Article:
Med Sci Monit 2004; 10(3): 80-87
Available online: 2004-06-16
Background:T2-hyperintense foci are one of the most frequent findings in cerebral magnetic resonance imaging (MRI). They can pose serious diagnostic problems which is reflected by their English name and abbreviation – UBOs (Unidentified Bright Objects).Material/Methods: Cerebral MRI results of 246 patients (134 females, 112 males), aged 2 –79 years, were analyzed. The examinations were done with the 0.5 and 1.5 T MRI scanners. T1-, PD or FLAIR and T2-weighted images were obtained. Diffusion-weighted imaging (DWI) was also performed in a high field system.Results: The following diagnoses were established: widened perivascular spaces in 11 cases, foci most probably associated with brain aging –21, with migraine –15, ischaemic changes –52, vasculitis –12, hypoxic-ischaemic changes –8, haemorrhagic foci –11, inflammatory changes –20, multiple sclerosis –50, central pontine and extrapontine myelinolysis –7, metastases –7, changes caused by radio-and chemotherapy – 8, lesions associated with neurometabolic diseases – 10, CNS degenerative diseases – 13, eclampsia – 1.Conclusions: MRI is a sensitive method of CNS focal lesions detection but is less specific as far as their differentiation is concerned. Particular features of the focal lesions on MR images (number, size, location, presence or lack of edema, reaction to contrast medium, evolution in time), as well as accompanying features (atrophy of particular brain structures, postcontrast enhancement of leptomeninges, coexistence of diffuse lesions, coexistence of spinal lesions) are the significant differentiating elements. However, they can not be considered in isolation from clinical data and other diagnostic tests results.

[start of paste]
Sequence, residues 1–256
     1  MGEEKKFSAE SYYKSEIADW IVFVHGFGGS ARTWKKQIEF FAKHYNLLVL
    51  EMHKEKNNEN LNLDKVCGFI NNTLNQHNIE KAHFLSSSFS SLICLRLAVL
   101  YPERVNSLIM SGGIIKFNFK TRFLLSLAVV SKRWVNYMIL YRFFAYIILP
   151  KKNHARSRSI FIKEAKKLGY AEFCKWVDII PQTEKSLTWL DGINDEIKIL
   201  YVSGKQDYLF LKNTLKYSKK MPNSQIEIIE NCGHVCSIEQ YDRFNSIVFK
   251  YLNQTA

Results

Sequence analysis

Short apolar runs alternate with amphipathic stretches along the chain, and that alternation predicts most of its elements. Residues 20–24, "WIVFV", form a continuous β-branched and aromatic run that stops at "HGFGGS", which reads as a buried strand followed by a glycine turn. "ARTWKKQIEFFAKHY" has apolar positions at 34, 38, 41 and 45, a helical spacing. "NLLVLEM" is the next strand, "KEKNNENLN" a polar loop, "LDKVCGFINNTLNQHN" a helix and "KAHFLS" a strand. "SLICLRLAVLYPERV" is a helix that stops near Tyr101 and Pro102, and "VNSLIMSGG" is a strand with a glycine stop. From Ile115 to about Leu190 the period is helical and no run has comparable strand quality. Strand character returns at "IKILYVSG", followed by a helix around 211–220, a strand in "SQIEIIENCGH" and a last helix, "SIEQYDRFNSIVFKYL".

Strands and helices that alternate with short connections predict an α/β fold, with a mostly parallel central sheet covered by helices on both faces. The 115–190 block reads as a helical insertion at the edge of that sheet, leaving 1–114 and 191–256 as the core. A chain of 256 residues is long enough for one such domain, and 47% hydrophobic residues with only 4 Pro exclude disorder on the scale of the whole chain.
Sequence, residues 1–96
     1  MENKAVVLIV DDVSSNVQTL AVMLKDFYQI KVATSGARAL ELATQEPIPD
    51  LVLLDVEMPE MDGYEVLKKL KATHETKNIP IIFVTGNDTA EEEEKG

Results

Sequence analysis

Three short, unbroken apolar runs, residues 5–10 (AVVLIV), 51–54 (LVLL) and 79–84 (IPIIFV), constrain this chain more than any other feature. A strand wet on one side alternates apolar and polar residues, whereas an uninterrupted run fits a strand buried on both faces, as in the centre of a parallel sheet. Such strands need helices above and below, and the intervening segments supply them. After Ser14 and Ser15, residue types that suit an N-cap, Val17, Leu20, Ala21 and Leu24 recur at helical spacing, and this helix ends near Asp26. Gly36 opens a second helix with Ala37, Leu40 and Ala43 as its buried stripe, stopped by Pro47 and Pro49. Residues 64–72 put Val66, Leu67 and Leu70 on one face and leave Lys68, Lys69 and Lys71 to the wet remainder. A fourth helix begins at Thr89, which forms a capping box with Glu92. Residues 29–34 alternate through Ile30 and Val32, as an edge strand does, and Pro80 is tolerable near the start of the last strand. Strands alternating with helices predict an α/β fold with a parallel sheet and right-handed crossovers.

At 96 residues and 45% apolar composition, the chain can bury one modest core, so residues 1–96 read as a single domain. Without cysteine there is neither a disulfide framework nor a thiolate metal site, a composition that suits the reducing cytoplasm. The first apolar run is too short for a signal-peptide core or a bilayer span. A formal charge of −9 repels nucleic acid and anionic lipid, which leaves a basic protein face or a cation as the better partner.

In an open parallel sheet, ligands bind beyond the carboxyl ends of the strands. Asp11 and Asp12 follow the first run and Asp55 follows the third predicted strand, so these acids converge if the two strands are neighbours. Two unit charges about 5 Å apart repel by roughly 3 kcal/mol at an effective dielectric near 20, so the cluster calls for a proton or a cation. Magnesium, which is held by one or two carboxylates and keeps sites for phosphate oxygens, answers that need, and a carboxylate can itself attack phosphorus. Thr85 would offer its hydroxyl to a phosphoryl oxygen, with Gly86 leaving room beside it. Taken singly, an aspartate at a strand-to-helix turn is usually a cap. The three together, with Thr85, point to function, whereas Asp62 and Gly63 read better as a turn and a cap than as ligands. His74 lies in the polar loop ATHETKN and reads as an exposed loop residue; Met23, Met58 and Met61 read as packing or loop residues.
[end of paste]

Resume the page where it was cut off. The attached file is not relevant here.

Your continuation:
Keywords: T2--hyperintensities, MRI, Brain